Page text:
Government is set to go onto the market for complementary funding to ensure simultaneous implementation of the Emergency Road Rehabilitation Programme 2 (ERRP2) and undertaking of new road development projects.
ERRP2 is presently focusing on repairing damaged roads, routine maintenance and rehabilitation without supporting new development projects.
To date, $1,7 billion of the allocated $3,5 billion has been disbursed to road authorities including councils, the Ministry of Transport and Infrastructural Development and the District Development Fund (DDF), among others.
To expand its scope, Government is now turning to the market to raise bonds for new developmental projects.
This comes as systems and material supplies are being fine-tuned to expedite implementation of ERRP2 projects across the country ahead of the rainy season when projects are usually suspended or scaled down.
Interventions adopted include centralised procurement of premix amid indications that the Southern and Northern clusters have not yet utilised the bulk of their allocations of premix.
It also includes easing the procurement process for road authorities.
In his address during an assessment visit of road projects under ERRP2 in Kariba District, the Ministry of Local Government and Public Works Permanent Secretary, Mr Zvinechimwe Churu, said an investment indaba would soon be convened to raise funds.
“Even with the budget that we have, we are not able to undertake all the road projects in Zimbabwe. With ERRP, we wanted to focus on emergency (road works) but we are realising that we can’t be so sequential,” he said.
“We must still undertake road developments while we are doing these emergency works.”
To that end, a sub-committee headed by Zinara chief executive Mr Nkosinathi Ncube, has been set up to explore ways of raising additional funds.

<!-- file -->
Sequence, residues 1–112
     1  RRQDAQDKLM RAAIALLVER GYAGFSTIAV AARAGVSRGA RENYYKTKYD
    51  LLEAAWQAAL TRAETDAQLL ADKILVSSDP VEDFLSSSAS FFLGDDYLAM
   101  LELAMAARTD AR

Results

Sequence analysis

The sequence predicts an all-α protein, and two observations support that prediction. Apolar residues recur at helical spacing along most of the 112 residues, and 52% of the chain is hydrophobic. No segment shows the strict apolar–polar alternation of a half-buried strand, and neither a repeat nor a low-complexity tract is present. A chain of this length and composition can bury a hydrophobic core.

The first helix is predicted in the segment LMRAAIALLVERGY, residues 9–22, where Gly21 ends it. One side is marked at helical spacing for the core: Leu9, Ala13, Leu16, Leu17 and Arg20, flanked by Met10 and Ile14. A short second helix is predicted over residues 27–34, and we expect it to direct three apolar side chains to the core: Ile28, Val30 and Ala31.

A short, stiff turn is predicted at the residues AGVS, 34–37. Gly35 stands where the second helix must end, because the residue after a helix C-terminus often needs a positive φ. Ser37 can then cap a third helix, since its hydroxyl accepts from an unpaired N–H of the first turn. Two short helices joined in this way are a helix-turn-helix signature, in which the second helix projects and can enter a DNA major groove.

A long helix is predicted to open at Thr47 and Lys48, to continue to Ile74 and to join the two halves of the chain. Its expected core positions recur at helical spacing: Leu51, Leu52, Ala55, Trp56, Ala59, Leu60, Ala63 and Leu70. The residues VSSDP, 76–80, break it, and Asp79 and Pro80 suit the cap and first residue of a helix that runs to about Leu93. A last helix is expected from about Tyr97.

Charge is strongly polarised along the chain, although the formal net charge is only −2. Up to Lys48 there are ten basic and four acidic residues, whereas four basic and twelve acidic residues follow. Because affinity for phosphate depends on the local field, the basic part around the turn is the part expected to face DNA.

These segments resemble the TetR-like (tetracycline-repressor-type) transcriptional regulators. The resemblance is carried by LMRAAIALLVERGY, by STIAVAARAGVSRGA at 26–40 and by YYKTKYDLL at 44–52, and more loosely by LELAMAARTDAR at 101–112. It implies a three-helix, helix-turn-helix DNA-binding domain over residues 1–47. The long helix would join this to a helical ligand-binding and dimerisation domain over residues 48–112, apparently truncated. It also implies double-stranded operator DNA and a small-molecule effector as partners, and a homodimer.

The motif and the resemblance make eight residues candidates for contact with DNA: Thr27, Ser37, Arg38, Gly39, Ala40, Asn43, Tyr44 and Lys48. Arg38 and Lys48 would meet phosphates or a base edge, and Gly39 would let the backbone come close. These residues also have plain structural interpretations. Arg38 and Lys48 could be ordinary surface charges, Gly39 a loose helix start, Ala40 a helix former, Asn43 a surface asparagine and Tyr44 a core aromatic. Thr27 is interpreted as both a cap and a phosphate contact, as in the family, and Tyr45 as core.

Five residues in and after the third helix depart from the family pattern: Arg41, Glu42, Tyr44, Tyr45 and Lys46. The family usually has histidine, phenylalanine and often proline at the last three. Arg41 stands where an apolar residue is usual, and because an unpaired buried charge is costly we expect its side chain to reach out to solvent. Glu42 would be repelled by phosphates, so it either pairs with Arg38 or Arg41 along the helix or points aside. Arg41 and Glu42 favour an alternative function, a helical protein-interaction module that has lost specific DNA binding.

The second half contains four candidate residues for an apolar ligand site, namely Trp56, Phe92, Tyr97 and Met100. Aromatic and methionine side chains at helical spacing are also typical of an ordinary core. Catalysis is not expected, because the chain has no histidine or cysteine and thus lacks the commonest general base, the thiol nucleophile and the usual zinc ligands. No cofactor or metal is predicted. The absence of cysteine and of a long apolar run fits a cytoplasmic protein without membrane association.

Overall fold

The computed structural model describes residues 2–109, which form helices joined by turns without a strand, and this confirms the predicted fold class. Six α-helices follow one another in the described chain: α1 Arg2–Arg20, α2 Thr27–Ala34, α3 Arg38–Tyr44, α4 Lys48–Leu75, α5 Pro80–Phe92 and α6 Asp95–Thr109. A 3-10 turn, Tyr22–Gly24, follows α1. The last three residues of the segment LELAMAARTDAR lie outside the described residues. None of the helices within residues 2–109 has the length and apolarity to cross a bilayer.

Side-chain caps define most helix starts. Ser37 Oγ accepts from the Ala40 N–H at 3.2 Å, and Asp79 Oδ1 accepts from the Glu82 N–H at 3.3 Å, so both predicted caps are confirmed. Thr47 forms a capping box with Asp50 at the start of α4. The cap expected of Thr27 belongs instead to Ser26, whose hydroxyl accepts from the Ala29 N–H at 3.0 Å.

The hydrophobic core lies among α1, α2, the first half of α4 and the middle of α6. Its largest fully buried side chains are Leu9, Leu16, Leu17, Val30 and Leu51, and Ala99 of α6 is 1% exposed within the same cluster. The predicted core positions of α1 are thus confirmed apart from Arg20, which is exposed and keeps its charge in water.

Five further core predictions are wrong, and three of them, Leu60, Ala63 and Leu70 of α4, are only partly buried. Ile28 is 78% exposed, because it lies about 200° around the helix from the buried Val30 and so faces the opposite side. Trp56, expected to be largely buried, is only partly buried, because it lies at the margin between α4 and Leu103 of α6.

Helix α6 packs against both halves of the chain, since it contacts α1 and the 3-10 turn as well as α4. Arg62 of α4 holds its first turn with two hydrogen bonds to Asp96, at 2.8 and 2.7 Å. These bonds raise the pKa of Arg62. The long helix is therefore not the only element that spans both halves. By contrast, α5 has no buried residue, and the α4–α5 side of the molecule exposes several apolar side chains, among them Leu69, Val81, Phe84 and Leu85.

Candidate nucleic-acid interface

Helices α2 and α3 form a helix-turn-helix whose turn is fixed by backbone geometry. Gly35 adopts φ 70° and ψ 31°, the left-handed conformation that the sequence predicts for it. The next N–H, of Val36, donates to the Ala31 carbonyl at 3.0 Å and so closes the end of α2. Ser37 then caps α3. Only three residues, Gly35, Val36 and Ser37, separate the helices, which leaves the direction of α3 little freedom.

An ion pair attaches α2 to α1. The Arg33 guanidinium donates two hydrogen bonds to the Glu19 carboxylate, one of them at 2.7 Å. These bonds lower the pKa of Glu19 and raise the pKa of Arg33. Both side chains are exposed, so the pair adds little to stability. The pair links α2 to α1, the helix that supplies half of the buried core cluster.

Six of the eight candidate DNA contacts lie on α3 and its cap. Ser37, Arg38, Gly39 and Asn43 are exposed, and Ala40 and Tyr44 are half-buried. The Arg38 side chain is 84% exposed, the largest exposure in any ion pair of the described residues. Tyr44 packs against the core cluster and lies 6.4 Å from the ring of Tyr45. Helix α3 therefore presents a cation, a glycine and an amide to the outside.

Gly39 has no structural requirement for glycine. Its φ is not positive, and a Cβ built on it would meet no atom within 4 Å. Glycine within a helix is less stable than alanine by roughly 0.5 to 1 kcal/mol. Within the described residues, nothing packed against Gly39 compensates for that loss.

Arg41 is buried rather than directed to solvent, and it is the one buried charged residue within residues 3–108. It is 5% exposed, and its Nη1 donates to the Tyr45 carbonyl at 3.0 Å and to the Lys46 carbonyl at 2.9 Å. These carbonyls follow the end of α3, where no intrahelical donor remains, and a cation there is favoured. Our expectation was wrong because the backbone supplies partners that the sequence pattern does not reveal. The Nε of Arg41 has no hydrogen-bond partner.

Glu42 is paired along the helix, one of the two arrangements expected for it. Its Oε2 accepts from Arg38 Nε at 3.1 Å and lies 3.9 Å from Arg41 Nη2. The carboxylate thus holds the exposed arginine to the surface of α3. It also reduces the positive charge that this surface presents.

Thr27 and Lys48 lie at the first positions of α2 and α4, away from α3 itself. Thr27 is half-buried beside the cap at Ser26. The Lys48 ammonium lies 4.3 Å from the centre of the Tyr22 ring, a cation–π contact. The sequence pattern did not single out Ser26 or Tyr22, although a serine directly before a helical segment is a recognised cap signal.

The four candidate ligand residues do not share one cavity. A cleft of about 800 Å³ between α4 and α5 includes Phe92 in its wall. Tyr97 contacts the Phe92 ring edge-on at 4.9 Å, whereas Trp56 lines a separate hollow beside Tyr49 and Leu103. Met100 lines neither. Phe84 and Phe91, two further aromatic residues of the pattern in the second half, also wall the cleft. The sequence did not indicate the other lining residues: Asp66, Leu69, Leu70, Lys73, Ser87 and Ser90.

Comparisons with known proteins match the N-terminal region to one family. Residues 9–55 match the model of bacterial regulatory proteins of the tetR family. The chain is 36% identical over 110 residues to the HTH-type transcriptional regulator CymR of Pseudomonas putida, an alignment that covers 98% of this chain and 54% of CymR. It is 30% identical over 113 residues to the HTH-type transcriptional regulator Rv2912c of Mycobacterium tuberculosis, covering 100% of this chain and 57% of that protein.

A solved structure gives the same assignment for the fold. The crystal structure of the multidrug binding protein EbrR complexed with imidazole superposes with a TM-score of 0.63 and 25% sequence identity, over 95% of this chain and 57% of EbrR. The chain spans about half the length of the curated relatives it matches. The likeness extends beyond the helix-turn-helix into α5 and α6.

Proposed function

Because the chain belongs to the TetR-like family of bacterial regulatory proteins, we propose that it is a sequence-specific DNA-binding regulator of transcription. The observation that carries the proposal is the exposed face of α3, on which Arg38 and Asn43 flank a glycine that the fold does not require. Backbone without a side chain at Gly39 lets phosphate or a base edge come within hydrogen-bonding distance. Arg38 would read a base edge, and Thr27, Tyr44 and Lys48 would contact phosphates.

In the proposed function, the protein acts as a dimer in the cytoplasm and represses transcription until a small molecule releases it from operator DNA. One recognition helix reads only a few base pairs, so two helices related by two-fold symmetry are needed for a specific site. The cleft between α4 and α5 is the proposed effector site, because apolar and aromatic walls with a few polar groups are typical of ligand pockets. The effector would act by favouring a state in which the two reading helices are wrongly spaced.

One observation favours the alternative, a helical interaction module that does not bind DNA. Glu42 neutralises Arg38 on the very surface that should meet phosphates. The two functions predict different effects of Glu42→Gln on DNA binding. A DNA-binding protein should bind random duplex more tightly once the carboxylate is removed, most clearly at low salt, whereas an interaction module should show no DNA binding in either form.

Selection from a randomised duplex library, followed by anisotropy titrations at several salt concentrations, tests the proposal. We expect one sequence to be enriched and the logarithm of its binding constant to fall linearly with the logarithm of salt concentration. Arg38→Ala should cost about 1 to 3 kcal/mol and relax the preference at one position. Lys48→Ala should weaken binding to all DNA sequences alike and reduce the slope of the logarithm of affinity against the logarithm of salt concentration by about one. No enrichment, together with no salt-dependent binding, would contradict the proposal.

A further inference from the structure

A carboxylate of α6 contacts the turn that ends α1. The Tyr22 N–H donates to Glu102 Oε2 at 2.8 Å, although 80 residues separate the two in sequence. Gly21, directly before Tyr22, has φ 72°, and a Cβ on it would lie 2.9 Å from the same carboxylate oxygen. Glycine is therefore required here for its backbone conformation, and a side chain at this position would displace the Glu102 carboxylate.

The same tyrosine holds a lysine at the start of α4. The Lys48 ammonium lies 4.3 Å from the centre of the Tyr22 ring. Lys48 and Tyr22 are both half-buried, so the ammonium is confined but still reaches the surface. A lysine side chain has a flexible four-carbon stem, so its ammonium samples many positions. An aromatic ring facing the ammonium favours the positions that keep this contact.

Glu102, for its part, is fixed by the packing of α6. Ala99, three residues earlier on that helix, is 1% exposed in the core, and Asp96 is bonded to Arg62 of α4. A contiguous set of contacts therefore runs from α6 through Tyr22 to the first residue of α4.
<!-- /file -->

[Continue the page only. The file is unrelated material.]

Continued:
“We want to go to the market and we have done it before to raise bonds and so forth, to fund other road development projects. Expect an investment indaba very soon.
“It may be virtual or face-to-face,” said Mr Churu.
He said monitoring and evaluation of the works was key for the success of the ERRP2.
There have been challenges regards the availability of fuel, but engagements are underway with the National Oil Infrastructure Company of Zimbabwe (NOIC) to facilitate direct purchases of fuel using RTGS as most service stations are charging in US dollars.
Turning to the performance of local authorities in implementing ERRP2 projects, Mr Churu said some councils, including Kariba were lagging behind.
“We have seen impressive implementation of the programme in Nyaminyami Rural District Council where roads and bridges are being worked on.
“However, Kariba is lagging behind and we wonder why they chose the complicated route to procure materials and engaging a contractor when the Procurement Regulatory Authority of Zimbabwe has agreed to a smoother way.
“They need to step up because these projects fit into the overall ideals of Vision 2030 and the National Development Strategy 1 (NDS1),” he said.
The Southern Region cluster was allocated 5 000 tonnes of premix but has only used 1 000 tonnes while the Northern region was allocated 7 000 tonnes but has used 850 tonnes.